|Description (include details on usage, files and paper references)||We collected a video dataset, termed ChokePoint, designed for experiments in person identification/verification under real-world surveillance conditions using existing technologies. An array of three cameras was placed above several portals (natural choke points in terms of pedestrian traffic) to capture subjects walking through each portal in a natural way (see example). While a person is walking through a portal, a sequence of face images (ie. a face set) can be captured. Faces in such sets will have variations in terms of illumination conditions, pose, sharpness, as well as misalignment due to automatic face localisation/detection. Due to the three camera configuration, one of the cameras is likely to capture a face set where a subset of the faces is near-frontal.
The dataset consists of 25 subjects (19 male and 6 female) in portal 1 and 29 subjects (23 male and 6 female) in portal 2. The recording of portal 1 and portal 2 are one month apart. The dataset has frame rate of 30 fps and the image resolution is 800X600 pixels. In total, the dataset consists of 48 video sequences and 64,204 face images. In all sequences, only one subject is presented in the image at a time. The first 100 frames of each sequence are for background modelling where no foreground objects were presented.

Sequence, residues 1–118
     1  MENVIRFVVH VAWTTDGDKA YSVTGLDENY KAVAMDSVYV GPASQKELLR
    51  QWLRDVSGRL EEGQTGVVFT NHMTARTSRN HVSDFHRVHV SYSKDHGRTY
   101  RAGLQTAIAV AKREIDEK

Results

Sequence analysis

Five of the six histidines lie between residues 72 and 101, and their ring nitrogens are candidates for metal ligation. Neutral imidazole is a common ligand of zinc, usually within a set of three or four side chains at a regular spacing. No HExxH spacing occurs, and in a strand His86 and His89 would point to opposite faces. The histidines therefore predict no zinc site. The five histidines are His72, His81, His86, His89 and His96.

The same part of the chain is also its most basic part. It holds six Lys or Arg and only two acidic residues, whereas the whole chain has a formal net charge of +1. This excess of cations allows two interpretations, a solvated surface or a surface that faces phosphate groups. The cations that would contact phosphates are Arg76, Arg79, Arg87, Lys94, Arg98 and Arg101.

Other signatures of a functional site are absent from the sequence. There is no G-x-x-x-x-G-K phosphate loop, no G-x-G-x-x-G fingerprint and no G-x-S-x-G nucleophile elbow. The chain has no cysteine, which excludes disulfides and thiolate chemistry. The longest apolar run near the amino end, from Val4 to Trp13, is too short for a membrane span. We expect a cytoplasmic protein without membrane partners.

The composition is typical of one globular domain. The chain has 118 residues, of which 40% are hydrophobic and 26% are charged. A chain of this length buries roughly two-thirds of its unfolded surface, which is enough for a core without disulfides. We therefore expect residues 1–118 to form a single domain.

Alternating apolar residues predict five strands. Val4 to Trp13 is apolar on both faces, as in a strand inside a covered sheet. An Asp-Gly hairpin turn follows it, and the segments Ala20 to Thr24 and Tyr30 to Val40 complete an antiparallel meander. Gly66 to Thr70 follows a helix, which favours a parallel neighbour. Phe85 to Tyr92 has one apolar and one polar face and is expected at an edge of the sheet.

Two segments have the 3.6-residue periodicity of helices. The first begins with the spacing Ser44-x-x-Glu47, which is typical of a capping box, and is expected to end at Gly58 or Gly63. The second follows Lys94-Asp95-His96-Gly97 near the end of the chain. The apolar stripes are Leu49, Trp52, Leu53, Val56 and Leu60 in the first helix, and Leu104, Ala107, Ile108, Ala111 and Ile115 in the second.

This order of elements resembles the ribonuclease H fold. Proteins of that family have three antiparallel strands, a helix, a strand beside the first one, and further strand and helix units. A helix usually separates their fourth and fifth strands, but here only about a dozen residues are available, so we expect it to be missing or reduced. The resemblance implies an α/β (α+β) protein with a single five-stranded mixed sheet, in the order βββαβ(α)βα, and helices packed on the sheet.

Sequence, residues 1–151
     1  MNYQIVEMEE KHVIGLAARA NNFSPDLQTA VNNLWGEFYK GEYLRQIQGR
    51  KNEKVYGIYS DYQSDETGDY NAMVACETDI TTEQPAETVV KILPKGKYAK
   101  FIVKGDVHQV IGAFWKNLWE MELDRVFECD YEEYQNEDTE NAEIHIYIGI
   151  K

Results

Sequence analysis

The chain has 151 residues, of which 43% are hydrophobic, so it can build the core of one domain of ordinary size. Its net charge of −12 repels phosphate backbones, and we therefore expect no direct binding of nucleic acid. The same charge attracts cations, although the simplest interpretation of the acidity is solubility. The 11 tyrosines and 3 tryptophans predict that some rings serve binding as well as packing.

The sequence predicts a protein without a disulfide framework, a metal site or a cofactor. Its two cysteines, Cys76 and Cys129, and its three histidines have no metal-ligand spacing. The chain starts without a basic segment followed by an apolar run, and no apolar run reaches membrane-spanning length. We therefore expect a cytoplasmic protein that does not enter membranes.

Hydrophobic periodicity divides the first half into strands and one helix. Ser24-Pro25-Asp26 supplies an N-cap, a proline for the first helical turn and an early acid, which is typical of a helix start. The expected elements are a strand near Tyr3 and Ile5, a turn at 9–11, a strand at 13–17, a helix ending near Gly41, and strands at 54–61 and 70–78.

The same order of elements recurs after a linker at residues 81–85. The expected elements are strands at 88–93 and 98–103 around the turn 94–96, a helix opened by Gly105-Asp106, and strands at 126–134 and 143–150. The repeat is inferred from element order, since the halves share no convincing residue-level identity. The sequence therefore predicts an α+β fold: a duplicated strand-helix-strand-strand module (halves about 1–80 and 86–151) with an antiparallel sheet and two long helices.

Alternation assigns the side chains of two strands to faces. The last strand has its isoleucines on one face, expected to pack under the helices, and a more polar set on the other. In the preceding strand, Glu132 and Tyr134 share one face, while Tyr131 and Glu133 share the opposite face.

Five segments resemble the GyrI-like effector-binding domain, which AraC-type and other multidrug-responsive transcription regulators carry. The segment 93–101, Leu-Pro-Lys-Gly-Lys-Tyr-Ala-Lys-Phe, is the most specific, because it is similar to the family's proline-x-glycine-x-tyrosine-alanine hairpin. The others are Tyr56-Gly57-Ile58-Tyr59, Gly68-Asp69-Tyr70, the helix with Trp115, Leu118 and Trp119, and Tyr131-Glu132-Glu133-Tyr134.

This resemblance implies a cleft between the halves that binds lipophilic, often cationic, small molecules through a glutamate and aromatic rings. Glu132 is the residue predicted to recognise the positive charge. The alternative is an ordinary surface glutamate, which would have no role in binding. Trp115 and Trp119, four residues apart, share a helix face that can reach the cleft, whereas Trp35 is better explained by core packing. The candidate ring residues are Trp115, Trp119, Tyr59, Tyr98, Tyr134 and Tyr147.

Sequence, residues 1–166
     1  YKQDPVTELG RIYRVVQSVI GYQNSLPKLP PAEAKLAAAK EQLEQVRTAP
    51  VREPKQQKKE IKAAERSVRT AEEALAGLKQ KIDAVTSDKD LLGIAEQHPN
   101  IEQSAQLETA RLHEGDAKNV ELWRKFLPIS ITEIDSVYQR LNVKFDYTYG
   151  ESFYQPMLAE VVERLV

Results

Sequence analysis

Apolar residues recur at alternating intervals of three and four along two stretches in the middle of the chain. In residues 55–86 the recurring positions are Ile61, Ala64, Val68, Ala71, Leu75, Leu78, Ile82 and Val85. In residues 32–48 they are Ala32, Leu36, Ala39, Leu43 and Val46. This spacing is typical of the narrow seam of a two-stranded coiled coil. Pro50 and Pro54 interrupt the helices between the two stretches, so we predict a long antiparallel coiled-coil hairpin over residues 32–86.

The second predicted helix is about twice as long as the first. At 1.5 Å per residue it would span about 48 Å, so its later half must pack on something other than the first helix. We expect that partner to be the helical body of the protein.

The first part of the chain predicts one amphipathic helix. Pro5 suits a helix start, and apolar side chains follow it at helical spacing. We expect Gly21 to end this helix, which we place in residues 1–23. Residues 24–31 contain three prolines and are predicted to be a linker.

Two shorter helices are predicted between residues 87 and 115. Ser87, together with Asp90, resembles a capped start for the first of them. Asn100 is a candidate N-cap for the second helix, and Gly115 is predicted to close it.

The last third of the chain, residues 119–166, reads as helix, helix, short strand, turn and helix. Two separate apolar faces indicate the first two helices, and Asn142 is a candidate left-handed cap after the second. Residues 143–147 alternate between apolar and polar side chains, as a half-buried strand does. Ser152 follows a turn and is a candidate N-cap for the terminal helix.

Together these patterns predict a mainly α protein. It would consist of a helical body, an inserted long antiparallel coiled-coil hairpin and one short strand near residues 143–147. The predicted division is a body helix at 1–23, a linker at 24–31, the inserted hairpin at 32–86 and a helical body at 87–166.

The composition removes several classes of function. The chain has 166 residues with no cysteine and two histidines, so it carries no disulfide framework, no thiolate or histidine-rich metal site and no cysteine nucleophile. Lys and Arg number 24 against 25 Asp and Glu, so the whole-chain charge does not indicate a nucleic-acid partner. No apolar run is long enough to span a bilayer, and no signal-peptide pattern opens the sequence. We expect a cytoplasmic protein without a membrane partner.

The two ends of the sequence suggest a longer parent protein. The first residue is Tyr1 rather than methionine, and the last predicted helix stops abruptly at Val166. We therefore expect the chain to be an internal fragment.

Each sequence was named according to the recording conditions (eg. P2E_S1_C3) where P, S, and C stand for portal, sequence and camera, respectively. E and L indicate subjects either entering or leaving the portal. The numbers indicate the respective portal, sequence and camera label. For example, P2L_S1_C3 indicates that the recording was done in Portal 2, with people leaving the portal, and captured by camera 3 in the first recorded sequence.
To pose a more challenging real-world surveillance problems, two seqeunces (P2E_S5 and P2L_S5) were recorded with crowded scenario. In additional to the aforementioned variations, the sequences were presented with continuous occlusion. This phenomenon presents challenges in identidy tracking and face verification.
This dataset can be applied, but not limited, to the following research areas:
image set matching
face quality measurement
3D face reconstruction
background estimation and substraction